The control temperature, however, may be adjusted to conform to the burn-in requirements of the circuits under test and the reason for this variation may be explained with reference to the following two simple calculations (see also above). Since burn-in is primarily a chemical reaction, the temperature of the silicon chip itself must be controlled. If we consider a typical package of the dual in line type which will have a thermal resistance of approximately 100° C. per watt, it can be seen that a CMOS chip, whose dissipation is effectively zero during a burn-in period, will have a junction temperature almost exactly equal to that of the oven temperature. A second case, however, we must consider is a complex chip that may have a dissipation of, for example, 500 mW. In this case, the dissipation at the chip will raise the silicon junction area approximately 50° C. above that of the ambient air. We can thus see that if the chamber temperature is 150° C., then a CMOS device would be burned-in at a junction temperature of 150° C. The more complex chip, previously given as an example, would, however, be burned-in at a junction temperature of approximately 200° C. It can, therefore, be seen that the vital component that ought to be defined accurately is (in a standard burn-in chamber where all integrated circuits are subject to one temperature) not at all precisely controlled.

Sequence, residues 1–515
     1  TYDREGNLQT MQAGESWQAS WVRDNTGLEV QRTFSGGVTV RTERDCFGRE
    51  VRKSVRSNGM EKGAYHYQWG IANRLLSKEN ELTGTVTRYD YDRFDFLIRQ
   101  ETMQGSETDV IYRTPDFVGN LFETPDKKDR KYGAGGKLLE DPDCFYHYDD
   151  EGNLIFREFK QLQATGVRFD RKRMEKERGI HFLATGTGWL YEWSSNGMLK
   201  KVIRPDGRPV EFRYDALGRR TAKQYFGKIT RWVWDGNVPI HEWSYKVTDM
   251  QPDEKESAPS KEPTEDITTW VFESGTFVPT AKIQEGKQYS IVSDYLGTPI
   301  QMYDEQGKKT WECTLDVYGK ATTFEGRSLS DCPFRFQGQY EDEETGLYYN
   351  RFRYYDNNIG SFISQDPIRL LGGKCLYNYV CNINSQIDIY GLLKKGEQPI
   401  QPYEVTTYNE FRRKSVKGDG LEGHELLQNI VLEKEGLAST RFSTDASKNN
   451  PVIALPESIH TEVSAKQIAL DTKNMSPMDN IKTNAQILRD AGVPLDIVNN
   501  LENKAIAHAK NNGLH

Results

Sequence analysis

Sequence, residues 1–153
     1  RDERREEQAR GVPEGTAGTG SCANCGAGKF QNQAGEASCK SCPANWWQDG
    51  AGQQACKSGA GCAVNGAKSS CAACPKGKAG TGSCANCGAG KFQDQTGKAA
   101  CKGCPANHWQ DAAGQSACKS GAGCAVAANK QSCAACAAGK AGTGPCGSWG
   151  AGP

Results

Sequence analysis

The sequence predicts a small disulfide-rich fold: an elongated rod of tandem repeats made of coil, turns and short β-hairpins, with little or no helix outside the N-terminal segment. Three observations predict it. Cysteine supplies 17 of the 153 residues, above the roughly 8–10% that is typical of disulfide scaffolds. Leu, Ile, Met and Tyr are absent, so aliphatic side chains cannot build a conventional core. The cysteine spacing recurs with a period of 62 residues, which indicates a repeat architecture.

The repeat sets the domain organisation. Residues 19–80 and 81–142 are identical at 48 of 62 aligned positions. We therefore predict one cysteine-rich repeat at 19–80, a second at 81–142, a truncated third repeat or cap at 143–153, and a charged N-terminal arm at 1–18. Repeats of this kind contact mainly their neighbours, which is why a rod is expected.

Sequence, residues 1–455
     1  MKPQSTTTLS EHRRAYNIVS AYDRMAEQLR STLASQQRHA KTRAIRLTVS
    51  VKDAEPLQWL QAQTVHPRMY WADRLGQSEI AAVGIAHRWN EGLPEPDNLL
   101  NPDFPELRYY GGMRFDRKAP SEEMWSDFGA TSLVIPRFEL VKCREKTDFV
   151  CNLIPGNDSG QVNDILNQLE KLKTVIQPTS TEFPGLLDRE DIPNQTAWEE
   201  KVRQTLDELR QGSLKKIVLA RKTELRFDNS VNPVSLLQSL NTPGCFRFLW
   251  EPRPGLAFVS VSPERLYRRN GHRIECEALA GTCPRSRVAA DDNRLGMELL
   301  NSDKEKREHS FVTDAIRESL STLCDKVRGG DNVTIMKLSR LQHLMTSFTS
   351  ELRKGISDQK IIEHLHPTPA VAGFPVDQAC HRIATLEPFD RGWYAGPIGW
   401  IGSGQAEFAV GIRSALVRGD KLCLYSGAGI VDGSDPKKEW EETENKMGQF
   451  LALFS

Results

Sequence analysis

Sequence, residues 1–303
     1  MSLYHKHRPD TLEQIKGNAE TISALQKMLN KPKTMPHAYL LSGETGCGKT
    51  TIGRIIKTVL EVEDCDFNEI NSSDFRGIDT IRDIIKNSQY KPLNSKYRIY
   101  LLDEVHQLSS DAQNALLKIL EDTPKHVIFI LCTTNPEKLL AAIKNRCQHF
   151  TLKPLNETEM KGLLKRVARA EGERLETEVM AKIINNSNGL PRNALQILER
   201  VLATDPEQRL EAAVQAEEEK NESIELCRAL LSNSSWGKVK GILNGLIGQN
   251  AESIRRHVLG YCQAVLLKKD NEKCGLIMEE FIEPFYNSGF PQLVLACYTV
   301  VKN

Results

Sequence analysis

The function of the control system of FIG. 6 overcomes this problem by the following method. The computer 15 monitors the power supply to determine the power being fed into the burn-in board, and an operator will have already informed the computer how many devices are located on this board. The mean dissipation of each device may be therefore calculated by the computer with a knowledge of the device package thermal resistance. Thus, with the computer having the desired silicon chip temperature entered into it, can be seen that, quoting the example of the second device type, the burn-in temperature would be then set by the control system to 100° C. as opposed to the 150° C. required for the CMOS device. This simple case therefore illustrates that, with a knowledge of power in the number of devices, the junction temperature (the critical temperature in a burn-in procedure) may be controlled from one individual burn-in assembly to another, thus overcoming one of the major variables in the burn-in equation.
The comparators 16 and 17 are required to enable a small "deadband" to be achieved between the heaters turning off and the coolant being applied. This is standard in any closed loop controlled system. The coolant demand signal is therefore derived from changing the output potential of the D-A converter 18 being fed to comparator 17. In this manner, by setting the comparison voltage to represent approximately ambient temperature, an uninterrupted flow of coolant fluid will be admitted, thus fulfilling the cooling under bias requirement as described above.
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|U.S. Classification||165/206, 165/63, 219/210, 165/267, 219/494, 165/259, 165/61, 165/64, 165/255, 700/300, 219/497, 324/762.02, 324/750.05|
|International Classification||G05D23/20, F27B9/30, G01R31/28|
|Cooperative Classification||F27B9/3077, G05D23/1917, G05D23/20, G01R31/2862|
|European Classification||G01R31/28G2B1, G05D23/20D, F27B9/30K|
|Jun 22, 1993||REMI||Maintenance fee reminder mailed|
|Nov 21, 1993||LAPS||Lapse for failure to pay maintenance fees|
|Feb 1, 1994||FP||Expired due to failure to pay maintenance fee|
Effective date: 19930912